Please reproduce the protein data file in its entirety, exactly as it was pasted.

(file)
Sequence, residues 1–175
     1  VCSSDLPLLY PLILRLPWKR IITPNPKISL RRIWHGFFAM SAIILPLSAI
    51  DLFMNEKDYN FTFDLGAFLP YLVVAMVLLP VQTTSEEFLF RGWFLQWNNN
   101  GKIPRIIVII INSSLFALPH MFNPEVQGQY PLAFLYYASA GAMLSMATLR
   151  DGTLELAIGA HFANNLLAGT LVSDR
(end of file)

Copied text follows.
Sequence, residues 1–175
     1  VCSSDLPLLY PLILRLPWKR IITPNPKISL RRIWHGFFAM SAIILPLSAI
    51  DLFMNEKDYN FTFDLGAFLP YLVVAMVLLP VQTTSEEFLF RGWFLQWNNN
   101  GKIPRIIVII INSSLFALPH MFNPEVQGQY PLAFLYYASA GAMLSMATLR
   151  DGTLELAIGA HFANNLLAGT LVSDR